A New Lease on Life
In 2017, Moody College of Communication alumna Natasha Verma was making waves in the TV news industry. The young broadcast journalist had landed herself a job in a top ten market, anchoring and reporting for NBC Boston.
But one morning in August that year, Verma woke up in pain on the left side of her body and discovered a lump near her collarbone. At 23, she was diagnosed with stage 2 Hodgkin's lymphoma, a cancer affecting the immune system.
“I was in shock,” Verma said. “I went into that office thinking that I was just going to get some medication to make the pain and the swelling of the lump go away, but I left that day with a cancer diagnosis.”
In the coming months, Verma would undergo six rounds of chemotherapy. With so many plans and dreams underway, she was determined to keep working, but within weeks of treatment, she experienced excruciating pain from her jaw to her feet from the chemotherapy cocktail of drugs she was on. She struggled to walk down the street without losing her breath and was admitted to the hospital for dehydration and being unable to eat.
Despite experiencing such immense physical pain, Verma said that the most difficult part of the treatment was losing her hair. “I felt a total loss of identity. All of a sudden I look in the mirror, and I can't even recognize who's looking back at me,” she said. “It was the first time that I felt like it was real – that cancer was killing me.”
Depressed, debilitated and hopeless, Verma searched to find a wig that would make her feel more like herself. But to her disappointment, most options were either made of synthetic hair or too expensive.
She knew that she wasn’t the only woman grappling with the grief of hair loss and struggling to find the right wig. As she neared the end of her treatment, Verma decided that she would transform her pain into a positive platform to help other women.
In 2017, Verma, through the family's Verma Foundation, began distributing real human hair cap wigs to cancer patients across the world free of charge. The customizable wigs are attached to a ball cap, which makes the wig easier to put on, stay in place and style.
“The whole goal is to reestablish normalcy in a patient's life,” Verma said. “To give it for free, instills a lot of hope into a woman and confidence that you can put on this cap wig, it looks great and you can get out and keep living as much as you can. You know that cancer doesn't have to take everything away from you.”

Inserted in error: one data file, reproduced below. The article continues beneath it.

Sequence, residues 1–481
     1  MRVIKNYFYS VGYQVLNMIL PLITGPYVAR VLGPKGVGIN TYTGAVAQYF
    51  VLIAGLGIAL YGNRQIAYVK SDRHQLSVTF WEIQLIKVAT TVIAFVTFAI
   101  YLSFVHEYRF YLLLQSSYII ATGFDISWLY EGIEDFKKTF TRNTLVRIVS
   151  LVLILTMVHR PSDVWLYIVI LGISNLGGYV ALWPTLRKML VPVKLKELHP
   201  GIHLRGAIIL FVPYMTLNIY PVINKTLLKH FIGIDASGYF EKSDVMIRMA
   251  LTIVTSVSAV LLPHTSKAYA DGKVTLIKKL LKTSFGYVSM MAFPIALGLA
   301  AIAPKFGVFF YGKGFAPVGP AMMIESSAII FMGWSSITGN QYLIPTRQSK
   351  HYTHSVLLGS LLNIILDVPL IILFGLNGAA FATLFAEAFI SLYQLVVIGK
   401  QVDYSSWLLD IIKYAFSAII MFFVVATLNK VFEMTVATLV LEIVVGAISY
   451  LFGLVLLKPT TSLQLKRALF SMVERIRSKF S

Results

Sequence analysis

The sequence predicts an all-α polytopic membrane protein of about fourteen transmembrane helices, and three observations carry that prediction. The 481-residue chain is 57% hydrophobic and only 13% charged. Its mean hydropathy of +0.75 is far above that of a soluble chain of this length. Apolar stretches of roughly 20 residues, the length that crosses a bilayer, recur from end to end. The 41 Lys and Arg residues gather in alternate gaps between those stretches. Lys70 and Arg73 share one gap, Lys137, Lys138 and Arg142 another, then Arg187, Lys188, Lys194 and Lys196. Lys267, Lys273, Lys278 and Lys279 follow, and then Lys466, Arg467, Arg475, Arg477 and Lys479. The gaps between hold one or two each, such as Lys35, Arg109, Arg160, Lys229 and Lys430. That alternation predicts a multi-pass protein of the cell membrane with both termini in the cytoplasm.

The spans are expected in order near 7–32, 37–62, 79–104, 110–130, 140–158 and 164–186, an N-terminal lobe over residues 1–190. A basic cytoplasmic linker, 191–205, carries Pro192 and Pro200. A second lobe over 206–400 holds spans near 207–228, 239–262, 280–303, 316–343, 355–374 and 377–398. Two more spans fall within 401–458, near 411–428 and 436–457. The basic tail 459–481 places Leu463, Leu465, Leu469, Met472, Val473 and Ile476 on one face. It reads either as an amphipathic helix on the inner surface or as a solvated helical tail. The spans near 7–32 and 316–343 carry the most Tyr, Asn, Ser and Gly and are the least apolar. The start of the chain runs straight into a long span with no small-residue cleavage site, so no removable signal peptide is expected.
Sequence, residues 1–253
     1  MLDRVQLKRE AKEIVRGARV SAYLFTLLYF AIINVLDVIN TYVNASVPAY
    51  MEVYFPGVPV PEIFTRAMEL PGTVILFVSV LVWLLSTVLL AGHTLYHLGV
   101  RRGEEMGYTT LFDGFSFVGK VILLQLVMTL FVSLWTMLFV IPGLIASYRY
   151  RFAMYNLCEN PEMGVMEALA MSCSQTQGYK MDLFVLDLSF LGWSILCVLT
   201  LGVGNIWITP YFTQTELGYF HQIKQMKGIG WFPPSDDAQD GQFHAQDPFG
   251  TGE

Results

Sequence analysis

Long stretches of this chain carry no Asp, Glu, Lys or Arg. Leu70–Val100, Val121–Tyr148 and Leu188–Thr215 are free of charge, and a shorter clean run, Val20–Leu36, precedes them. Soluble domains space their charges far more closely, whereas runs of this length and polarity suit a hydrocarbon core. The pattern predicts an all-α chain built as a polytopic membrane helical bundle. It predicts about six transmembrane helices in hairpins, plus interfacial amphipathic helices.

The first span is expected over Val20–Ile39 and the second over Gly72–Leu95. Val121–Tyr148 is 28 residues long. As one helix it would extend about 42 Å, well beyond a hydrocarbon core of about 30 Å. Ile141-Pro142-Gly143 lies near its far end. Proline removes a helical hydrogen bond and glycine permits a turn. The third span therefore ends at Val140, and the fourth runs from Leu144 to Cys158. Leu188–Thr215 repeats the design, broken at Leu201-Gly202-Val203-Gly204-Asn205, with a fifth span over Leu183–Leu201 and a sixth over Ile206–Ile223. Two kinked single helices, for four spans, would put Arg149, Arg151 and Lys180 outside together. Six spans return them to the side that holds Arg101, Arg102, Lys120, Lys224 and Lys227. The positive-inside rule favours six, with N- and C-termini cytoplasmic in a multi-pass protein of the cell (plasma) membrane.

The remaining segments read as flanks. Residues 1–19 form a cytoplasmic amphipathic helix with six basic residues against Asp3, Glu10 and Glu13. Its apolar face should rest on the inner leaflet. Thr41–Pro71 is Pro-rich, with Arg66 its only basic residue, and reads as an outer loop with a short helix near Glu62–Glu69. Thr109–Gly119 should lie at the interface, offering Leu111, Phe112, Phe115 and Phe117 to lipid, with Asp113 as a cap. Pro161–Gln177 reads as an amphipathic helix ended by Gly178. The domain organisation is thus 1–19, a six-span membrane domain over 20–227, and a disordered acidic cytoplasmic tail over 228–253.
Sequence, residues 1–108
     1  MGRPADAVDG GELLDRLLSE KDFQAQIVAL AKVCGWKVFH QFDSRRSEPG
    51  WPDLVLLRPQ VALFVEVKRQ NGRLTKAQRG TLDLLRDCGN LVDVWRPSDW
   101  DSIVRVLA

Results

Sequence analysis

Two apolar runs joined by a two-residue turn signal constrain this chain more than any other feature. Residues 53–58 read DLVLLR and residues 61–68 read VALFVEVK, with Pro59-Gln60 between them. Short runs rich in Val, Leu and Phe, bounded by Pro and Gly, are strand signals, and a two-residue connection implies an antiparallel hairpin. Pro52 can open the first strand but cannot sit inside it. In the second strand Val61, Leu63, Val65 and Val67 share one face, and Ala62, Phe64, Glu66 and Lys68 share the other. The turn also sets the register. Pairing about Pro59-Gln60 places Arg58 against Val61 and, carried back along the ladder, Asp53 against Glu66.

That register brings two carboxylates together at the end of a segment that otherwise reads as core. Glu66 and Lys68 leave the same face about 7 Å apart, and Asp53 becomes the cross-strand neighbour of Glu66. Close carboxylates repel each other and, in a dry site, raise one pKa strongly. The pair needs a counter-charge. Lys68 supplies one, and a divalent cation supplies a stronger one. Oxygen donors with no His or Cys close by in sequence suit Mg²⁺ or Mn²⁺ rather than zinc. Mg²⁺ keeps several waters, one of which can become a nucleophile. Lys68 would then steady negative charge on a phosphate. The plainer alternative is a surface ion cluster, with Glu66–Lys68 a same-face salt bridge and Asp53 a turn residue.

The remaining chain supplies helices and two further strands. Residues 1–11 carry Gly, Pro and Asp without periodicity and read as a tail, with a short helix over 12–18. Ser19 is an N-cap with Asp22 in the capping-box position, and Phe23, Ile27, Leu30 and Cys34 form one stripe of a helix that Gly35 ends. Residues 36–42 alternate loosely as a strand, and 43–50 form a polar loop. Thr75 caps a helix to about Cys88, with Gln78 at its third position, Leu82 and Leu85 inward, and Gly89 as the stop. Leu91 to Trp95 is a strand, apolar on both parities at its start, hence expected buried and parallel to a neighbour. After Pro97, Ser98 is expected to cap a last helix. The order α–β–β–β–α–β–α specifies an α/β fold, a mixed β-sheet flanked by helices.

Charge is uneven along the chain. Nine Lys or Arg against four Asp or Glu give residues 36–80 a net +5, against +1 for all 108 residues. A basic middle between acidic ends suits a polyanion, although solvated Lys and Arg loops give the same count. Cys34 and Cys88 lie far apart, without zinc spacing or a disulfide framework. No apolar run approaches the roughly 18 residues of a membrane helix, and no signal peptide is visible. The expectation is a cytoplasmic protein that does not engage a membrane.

This month, Verma received the Outstanding Young Texas Exes Award, recognizing alumni under 40 for their career and community achievements and service to The University of Texas at Austin. Beyond attaining a highly successful career in TV news, Verma has helped thousands of women battling cancer and hair loss through her nonprofit’s ball cap wigs.
Since founding the nonprofit, Verma said she’s received hundreds of messages from women thanking her for helping them return to their everyday lives.
The foundation's wigs also are available for purchase at a more affordable price for other women experiencing hair loss, namely from alopecia.
“In a lot of ways, I am thankful that I got cancer, because it led me to the creation of this foundation,” Verma said. “I took that pain, and I turned it into something positive to help other people.”
Verma graduated from UT Austin in 2012 with bachelor’s degrees in biology pre-med and broadcast journalism. She was 17 at the time, making her the youngest graduate in the university’s history.
While she came to the university with dreams of becoming a doctor, she said her experiences at the School of Journalism and Media and Texas Student Television led her to pursue a career in TV news. While at TSTV, the nation’s only FCC-licensed, student-run college television station, Verma launched university talk show “Good Morning Texas.” She said her teachers, mentors and fellow students in the journalism department reaffirmed her decision that she didn’t want to go into medicine. She chose broadcast journalism instead.
Verma went on to earn her master’s degree in journalism from Columbia University, during which time she directed and produced an award-winning documentary about Heather Hardy, a female boxer who rose out of homelessness to win the WBC world championship. In the last 10 years, she has reported and anchored for news stations in the Bronx, Florida, Boston and most recently, in Denver. At Denver 9News, Verma started the Warrior Way, an Emmy-nominated series highlighting individuals who have overcome obstacles and gone on to help others do the same.
“I wouldn't be here without UT,” Verma said about her career. “The amount of resources, knowledge and mentorship that you can get at The University of Texas just completely changed my life and trajectory.”